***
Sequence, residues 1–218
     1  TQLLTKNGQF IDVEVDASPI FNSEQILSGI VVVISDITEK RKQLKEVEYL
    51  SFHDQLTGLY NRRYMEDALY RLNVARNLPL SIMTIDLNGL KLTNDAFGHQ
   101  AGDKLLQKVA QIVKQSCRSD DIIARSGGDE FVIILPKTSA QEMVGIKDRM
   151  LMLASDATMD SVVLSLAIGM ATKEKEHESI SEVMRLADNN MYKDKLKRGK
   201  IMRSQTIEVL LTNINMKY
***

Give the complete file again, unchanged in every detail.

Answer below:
Sequence, residues 1–218
     1  TQLLTKNGQF IDVEVDASPI FNSEQILSGI VVVISDITEK RKQLKEVEYL
    51  SFHDQLTGLY NRRYMEDALY RLNVARNLPL SIMTIDLNGL KLTNDAFGHQ
   101  AGDKLLQKVA QIVKQSCRSD DIIARSGGDE FVIILPKTSA QEMVGIKDRM
   151  LMLASDATMD SVVLSLAIGM ATKEKEHESI SEVMRLADNN MYKDKLKRGK
   201  IMRSQTIEVL LTNINMKY